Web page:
As Preston wrote, “Combine 9-11 and Katrina, and the Bush administration has had to deal with two of the worst disasters in American history, one brought on by foreign aggression that was years in the making, and one the wrath of nature.” Bush’s low post-Katrina public approval severely hurt John McCain’s chances of succeeding him, paving the way for Barack Obama’s election in 2008.

In 2013, former vice-chair of the DNC Donna Brazile would confess that “Bush came through on Katrina,” at no less than CNN. But that was long after the Democratic Party used their crazed media coverage to retake both houses of Congress, and ultimately the White House.

Interparty rumbles and leftists using bad news to consolidate power are nothing new in America. And once again, the media has dusted off the Katrina playbook in an effort to oust The Bad Orange Man. But with the recent coronavirus outbreak, we see the American media are also now doing the dirty work of the rulers of Communist China.

Last Thursday, the Media Research Center assembled a video clip of the media melting down over Republicans correctly noting the origin region of the coronavirus, screaming that it’s rrrraaaaaccccccism and/or xenophobia to refer to it as either “the Chinese Coronavirus”  or “the Wuhan Virus” – along with 35 times the media referred to the virus as “the Chinese Coronavirus”  or “the Wuhan Virus.”

Over the past week, NBC ran such headlines as:

The New York Times ran the following headline:

At National Interest last week, Fred Lucas wrote: “China is In Denial About Coronavirus—Here’s What You Should Know”:

More than just dodging responsibility, the Chinese government reportedly has pushed propaganda that the United States started the virus.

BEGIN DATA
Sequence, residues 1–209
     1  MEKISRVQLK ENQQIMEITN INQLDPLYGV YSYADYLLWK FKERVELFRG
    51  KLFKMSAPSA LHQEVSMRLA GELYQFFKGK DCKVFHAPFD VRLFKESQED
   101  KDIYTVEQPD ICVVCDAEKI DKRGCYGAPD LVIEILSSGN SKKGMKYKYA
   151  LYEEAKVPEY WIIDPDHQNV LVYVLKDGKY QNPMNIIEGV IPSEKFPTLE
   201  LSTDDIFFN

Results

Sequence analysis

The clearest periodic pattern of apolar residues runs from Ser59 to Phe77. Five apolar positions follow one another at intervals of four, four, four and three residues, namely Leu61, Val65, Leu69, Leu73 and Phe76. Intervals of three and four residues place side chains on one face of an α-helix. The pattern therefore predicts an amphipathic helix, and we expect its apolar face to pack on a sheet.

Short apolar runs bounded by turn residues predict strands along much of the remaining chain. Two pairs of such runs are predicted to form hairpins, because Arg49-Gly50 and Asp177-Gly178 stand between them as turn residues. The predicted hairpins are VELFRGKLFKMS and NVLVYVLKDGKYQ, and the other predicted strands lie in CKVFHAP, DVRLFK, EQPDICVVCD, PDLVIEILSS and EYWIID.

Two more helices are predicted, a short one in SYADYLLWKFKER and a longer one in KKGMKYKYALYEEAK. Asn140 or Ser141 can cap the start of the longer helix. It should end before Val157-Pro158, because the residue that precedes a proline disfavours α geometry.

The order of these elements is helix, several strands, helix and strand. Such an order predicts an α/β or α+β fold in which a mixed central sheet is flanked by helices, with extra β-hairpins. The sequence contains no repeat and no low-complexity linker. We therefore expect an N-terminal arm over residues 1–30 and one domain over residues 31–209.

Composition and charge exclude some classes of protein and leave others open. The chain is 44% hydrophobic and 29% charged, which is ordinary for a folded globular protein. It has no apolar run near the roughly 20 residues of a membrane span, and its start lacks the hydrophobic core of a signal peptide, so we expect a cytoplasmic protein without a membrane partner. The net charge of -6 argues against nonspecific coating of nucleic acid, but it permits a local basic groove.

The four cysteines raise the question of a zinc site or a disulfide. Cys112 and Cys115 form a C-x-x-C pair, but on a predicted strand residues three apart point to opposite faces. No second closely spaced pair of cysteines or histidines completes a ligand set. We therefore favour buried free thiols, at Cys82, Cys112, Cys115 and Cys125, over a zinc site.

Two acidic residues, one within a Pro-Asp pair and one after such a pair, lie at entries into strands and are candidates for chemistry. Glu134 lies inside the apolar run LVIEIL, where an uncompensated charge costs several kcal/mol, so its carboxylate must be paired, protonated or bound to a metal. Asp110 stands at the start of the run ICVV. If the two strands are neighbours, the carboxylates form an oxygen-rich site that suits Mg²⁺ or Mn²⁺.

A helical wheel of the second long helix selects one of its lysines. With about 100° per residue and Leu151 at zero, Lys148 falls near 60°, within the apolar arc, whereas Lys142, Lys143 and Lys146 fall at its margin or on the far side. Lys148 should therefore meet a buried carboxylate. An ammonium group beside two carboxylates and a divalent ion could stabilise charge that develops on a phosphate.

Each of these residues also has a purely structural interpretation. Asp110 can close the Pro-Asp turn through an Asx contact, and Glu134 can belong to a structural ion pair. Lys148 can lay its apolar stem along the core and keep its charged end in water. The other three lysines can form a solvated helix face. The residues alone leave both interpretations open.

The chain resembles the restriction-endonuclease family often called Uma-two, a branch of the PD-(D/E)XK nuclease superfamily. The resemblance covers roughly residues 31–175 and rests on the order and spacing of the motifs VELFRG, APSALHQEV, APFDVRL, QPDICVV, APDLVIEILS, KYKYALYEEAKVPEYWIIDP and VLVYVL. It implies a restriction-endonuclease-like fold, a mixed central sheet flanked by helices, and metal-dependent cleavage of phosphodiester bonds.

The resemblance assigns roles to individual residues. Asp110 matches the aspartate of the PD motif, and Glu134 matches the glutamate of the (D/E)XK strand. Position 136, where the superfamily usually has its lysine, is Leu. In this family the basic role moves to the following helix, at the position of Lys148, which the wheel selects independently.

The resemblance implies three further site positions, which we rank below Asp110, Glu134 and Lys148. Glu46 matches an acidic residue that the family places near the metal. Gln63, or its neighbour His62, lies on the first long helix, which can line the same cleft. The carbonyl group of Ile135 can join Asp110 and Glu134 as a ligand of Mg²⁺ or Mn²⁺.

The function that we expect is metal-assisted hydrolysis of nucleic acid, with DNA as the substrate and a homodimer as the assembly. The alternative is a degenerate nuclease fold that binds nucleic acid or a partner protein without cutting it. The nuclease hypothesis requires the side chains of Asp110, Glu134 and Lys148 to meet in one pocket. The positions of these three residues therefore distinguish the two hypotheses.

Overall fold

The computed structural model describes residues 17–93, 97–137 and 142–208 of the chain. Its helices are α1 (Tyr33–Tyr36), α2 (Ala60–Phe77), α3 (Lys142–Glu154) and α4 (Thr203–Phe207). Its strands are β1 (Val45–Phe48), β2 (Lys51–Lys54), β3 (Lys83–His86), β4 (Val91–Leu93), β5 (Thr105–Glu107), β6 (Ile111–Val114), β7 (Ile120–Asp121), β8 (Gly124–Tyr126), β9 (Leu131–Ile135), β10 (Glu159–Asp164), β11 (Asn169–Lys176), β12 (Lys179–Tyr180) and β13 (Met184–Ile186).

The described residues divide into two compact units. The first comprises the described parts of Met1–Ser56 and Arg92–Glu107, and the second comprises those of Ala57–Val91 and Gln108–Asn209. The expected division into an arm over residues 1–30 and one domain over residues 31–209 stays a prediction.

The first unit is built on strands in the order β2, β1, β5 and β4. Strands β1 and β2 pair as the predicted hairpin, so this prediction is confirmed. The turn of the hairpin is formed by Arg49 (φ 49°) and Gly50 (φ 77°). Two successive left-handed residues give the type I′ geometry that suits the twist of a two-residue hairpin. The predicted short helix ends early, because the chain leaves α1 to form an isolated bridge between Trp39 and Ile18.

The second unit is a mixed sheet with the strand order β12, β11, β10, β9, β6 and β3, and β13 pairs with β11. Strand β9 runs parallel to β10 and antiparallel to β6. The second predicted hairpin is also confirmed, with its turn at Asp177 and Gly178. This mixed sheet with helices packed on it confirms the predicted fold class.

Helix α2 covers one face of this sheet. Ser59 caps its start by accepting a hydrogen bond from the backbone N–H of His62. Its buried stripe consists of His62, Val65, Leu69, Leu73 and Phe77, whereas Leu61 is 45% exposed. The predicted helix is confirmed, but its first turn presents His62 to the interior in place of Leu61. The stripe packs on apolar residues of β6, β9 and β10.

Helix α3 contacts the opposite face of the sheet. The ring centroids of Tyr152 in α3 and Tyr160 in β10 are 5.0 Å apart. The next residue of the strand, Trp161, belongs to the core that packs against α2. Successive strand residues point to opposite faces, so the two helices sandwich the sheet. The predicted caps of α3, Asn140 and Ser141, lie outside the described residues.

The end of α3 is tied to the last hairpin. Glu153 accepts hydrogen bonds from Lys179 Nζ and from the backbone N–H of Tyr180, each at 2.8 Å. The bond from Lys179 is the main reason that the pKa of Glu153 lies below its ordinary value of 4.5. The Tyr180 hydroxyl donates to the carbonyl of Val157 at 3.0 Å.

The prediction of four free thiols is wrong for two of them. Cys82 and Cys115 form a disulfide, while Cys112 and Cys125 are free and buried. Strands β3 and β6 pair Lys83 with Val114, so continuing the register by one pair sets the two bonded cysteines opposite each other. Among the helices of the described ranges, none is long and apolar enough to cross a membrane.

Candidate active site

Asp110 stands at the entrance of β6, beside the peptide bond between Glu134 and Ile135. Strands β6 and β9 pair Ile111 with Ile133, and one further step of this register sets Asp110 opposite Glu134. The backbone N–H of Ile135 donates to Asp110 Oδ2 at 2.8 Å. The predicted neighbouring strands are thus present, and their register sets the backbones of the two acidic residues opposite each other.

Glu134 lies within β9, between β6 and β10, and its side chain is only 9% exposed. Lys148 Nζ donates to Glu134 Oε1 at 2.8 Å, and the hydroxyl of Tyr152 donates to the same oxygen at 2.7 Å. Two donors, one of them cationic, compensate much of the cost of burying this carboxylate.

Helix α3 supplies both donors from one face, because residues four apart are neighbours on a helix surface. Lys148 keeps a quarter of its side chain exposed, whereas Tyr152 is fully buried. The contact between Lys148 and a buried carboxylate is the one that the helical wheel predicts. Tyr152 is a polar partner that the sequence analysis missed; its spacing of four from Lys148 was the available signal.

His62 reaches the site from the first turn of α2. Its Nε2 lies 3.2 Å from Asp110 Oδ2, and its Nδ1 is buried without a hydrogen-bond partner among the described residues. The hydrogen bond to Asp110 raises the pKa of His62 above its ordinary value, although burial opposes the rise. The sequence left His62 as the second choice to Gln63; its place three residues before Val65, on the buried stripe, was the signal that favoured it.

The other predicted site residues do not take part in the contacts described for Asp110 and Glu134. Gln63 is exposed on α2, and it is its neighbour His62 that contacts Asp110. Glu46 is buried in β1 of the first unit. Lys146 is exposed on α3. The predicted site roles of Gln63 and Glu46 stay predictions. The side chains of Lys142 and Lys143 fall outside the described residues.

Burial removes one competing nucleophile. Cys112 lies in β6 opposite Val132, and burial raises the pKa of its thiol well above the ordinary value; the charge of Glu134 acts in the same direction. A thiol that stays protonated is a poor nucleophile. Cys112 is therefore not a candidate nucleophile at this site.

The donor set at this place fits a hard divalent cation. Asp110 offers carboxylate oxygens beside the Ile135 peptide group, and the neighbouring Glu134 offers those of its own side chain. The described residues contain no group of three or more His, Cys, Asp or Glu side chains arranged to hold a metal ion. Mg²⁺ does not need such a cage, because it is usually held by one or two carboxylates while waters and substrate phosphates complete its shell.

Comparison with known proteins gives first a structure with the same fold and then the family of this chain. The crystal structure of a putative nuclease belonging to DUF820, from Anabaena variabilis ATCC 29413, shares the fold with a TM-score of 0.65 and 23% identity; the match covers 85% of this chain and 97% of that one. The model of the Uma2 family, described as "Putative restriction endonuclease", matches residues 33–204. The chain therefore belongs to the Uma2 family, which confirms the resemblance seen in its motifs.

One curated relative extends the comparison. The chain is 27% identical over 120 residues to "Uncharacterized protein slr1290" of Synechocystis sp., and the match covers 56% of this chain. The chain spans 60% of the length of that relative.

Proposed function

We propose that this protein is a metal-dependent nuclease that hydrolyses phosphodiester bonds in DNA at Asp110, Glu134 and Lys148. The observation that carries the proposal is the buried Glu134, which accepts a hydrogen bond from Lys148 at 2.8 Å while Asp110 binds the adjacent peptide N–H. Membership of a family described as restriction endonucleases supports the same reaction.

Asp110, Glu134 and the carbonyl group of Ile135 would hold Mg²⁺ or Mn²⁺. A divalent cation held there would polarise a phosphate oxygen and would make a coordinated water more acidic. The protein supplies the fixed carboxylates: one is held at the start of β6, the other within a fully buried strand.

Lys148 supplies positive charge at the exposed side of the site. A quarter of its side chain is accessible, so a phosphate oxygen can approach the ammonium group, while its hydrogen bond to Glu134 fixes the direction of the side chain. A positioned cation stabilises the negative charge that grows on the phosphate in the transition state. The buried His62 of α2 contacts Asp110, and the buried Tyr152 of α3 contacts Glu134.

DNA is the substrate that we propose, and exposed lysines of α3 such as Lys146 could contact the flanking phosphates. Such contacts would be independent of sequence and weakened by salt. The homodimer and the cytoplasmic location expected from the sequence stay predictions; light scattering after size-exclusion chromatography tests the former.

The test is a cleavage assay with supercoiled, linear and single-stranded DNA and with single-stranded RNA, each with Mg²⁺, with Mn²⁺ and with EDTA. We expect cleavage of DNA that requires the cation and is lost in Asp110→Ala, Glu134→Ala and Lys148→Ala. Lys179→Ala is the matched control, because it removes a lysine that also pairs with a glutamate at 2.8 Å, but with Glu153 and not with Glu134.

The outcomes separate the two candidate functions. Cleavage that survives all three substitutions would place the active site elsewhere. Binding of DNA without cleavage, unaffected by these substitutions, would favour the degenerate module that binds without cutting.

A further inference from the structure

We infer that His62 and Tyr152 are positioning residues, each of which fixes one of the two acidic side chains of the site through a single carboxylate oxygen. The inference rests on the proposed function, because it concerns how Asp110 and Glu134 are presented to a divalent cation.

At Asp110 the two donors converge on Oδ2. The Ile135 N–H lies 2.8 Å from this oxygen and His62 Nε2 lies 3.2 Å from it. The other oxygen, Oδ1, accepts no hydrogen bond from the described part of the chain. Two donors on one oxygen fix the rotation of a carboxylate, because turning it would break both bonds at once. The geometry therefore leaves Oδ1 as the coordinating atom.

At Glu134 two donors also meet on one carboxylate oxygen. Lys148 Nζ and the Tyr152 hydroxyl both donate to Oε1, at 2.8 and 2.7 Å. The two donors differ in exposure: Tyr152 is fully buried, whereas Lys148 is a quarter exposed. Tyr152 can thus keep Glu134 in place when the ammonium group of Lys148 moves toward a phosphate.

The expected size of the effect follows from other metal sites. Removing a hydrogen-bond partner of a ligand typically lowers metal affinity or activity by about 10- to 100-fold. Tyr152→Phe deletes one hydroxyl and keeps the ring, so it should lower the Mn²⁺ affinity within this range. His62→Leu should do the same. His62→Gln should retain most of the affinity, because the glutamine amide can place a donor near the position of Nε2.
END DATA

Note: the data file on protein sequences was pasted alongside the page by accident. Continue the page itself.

The Washington Post reported last week that China’s communist government was promoting conspiracy theories online about U.S. involvement.

“In recent days, run-of-the-mill mockery of the White House has taken a darker turn as the Chinese internet became inundated by the theory, subtly stoked by the Chinese government, that the coronavirus originated in the United States,” the newspaper said. “The U.S. government, one version of the theory goes, has been covering up mounting cases, and perhaps thousands of deaths, by classifying them as regular flu.”

There have been false internet rumors in the United States about China as well, but there is a clear difference, said Dean Cheng, senior research fellow for Asian studies at The Heritage Foundation.

“The problem here is that this seems to be echoes of Soviet information warfare,” Cheng told The Daily Signal. “America has a free press, from CNN to Alex Jones, The New York Times, and the National Enquirer. China’s press is state run. So these rumors are not random charges.”